The Real History of the Crusades - Part I

This Sunday, July 15 is the 919th anniversary of the First Crusade’s victory in Jerusalem Few historical events are so misunderstood. Recent decades have, however, pushed back against this misconception. Through new finds and new technology helping to access documents, a different picture emerges – the true one. This article is by Dr. Thomas Madden, one of the foremost scholars of the Crusades. He is chair of the Department of History at Saint Louis University and author of A Concise History of the Crusades. We’ll present the article in two parts. Part II will appear in next week’s bulletin.

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The Real History of the Crusades: Part I

by Thomas Madden

 

Image result for Crusades

Many historians had been trying for some time to set the record straight on the Crusades – misconceptions are all too common. These historians are not revisionists, but mainstream scholars offering the fruit of several decades of very careful, very serious scholarship.

Within days of the September 11 attack, the Middle Ages suddenly became relevant….Journalists, editors, and talk-show hosts on tight deadlines eager to get the real scoop asked What were the Crusades? and Just how insensitive was President Bush for using the word "crusade" in his speeches?....I was often asked to comment on the fact that the Islamic world has a just grievance against the West. Doesn't the present violence, they persisted, have its roots in the Crusades' brutal and unprovoked attacks against a sophisticated and tolerant Muslim world? In other words, aren't the Crusades really to blame?

..... Many historians had been trying to set the record straight …They are not revisionists, like the American historians who manufactured the Enola Gay exhibit, but mainstream scholars offering the fruit of several decades of very careful, very serious scholarship. For them, this is a "teaching moment," an opportunity to explain the Crusades while people are actually listening.

Misconceptions about the Crusades are all too common. They are generally portrayed as a series of holy wars against Islam led by power-mad popes and fought by religious fanatics. They are supposed to have been the epitome of self-righteousness and intolerance, a black stain on the history of the Catholic Church in particular and Western civilization in general. A breed of proto-imperialists, the Crusaders introduced Western aggression to the peaceful Middle East and then deformed the enlightened Muslim culture, leaving it in ruins. …See, for example, Steven Runciman's famous three-volume epic, History of the Crusades, or the BBC/A&E documentary, The Crusades, hosted by Terry Jones. Both are terrible history yet wonderfully entertaining.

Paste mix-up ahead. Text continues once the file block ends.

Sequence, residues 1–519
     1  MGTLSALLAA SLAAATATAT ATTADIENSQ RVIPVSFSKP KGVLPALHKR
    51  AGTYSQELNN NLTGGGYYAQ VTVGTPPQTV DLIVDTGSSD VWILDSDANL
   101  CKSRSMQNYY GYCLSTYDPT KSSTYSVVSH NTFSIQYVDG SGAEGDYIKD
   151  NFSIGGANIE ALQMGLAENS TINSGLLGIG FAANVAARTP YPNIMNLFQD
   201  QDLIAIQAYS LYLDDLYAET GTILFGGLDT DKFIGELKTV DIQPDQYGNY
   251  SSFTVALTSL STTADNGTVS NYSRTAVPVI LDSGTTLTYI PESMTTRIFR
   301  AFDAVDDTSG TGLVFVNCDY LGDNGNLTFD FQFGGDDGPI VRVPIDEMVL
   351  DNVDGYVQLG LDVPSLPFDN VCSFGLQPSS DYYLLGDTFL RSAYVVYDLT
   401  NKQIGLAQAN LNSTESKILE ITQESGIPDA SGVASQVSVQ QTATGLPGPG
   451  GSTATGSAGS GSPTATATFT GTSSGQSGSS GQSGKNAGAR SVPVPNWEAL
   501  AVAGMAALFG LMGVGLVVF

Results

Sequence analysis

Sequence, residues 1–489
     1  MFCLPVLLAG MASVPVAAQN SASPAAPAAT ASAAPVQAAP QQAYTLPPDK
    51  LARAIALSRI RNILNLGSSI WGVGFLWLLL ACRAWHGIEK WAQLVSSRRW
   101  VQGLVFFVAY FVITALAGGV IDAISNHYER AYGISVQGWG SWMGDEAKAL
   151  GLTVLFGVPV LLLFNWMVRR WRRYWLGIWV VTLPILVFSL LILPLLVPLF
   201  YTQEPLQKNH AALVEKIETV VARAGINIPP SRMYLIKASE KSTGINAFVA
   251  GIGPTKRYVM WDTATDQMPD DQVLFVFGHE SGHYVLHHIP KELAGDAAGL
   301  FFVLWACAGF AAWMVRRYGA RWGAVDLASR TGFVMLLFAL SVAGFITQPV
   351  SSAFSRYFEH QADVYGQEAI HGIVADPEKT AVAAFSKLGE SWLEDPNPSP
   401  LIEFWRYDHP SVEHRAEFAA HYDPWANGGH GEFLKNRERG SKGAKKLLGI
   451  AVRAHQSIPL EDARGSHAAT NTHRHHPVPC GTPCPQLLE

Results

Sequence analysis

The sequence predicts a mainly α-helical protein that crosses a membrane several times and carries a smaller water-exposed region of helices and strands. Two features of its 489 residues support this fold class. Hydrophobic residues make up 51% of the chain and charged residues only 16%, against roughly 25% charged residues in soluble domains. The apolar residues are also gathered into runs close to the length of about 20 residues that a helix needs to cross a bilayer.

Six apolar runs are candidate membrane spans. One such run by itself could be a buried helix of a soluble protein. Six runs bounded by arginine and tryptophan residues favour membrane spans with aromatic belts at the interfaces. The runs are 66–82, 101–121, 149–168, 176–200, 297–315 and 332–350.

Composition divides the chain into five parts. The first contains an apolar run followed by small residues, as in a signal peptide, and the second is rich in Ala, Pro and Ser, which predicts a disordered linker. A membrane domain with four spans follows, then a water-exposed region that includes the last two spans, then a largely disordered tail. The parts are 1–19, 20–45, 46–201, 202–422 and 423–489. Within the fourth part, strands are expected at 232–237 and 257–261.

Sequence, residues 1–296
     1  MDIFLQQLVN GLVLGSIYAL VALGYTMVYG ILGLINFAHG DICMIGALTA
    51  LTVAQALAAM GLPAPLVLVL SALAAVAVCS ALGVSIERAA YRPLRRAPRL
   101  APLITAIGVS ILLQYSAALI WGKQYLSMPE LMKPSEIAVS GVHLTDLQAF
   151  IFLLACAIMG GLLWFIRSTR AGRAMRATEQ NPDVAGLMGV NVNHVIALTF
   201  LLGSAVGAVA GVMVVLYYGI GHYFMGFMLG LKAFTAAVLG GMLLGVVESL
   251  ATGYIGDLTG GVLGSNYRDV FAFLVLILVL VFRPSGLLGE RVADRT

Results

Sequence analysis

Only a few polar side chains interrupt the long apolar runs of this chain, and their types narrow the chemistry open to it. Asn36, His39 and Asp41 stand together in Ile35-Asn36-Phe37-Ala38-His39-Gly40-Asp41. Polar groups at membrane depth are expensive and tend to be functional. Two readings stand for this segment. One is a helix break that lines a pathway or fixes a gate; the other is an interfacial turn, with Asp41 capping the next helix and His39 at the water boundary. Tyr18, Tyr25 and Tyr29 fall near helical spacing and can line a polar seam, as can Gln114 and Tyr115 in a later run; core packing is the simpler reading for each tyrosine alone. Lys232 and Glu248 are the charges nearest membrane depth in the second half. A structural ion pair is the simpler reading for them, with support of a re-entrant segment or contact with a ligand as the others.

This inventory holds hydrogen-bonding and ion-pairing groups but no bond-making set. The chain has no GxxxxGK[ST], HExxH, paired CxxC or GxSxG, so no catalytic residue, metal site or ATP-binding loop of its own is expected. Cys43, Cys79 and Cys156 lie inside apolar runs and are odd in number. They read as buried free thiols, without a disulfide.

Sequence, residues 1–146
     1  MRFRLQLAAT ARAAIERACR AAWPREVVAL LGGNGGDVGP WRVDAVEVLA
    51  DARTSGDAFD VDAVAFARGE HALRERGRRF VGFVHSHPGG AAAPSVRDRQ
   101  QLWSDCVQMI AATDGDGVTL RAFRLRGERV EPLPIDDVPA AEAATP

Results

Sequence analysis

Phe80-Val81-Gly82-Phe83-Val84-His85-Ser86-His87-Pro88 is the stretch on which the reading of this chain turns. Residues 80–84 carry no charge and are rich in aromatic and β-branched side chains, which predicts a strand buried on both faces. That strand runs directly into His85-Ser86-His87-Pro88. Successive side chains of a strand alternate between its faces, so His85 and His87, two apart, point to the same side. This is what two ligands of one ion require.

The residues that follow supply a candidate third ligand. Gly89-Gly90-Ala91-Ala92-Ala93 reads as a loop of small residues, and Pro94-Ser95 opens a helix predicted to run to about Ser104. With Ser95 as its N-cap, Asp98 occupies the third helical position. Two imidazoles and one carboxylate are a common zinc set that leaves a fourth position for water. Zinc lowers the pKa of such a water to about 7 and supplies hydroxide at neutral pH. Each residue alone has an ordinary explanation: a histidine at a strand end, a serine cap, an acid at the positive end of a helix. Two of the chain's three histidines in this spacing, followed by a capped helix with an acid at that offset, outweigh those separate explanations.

So what is the truth about the Crusades? Scholars are still working some of that out. But much can already be said with certainty. For starters, the Crusades to the East were in every way defensive wars. They were a direct response to Muslim aggression – an attempt to turn back or defend against Muslim conquests of Christian lands.

Christians in the 11th century were not paranoid fanatics. Muslims really were gunning for them. While Muslims can be peaceful, Islam was born in war and grew the same way. From Mohammed on, the means of Muslim expansion was always the sword. Muslim thought divides the world into two spheres, the Abode of Islam and the Abode of War. Christianity and any other non-Muslim religion – has no abode. Christians and Jews can be tolerated within a Muslim state under Muslim rule. But, in traditional Islam, Christian and Jewish states must be destroyed and their lands conquered….

With enormous energy, the warriors of Islam struck out against the Christians shortly after Mohammed's death. They were extremely successful. Palestine, Syria, and Egypt – once the most heavily Christian areas in the world – quickly succumbed. By the 8th century, Muslim armies conquered all of Christian North Africa and Spain. In the 11th century, the Seljuk Turks conquered Asia Minor (modern Turkey), which had been Christian since the time of St. Paul. The old Roman Empire, known to modern historians as the Byzantine Empire, was reduced to little more than Greece. In desperation, the emperor in Constantinople asked the Christians of Western Europe to aid their brothers and sisters in the East.

That is what gave birth to the Crusades. They were not the brainchild of an ambitious pope or rapacious knights but a response to more than four centuries of conquests in which Muslims had already captured two-thirds of the old Christian world. At some point, Christianity as a faith and a culture had to defend itself or be subsumed by Islam. The Crusades were that defense.

Next Week: Part II

 

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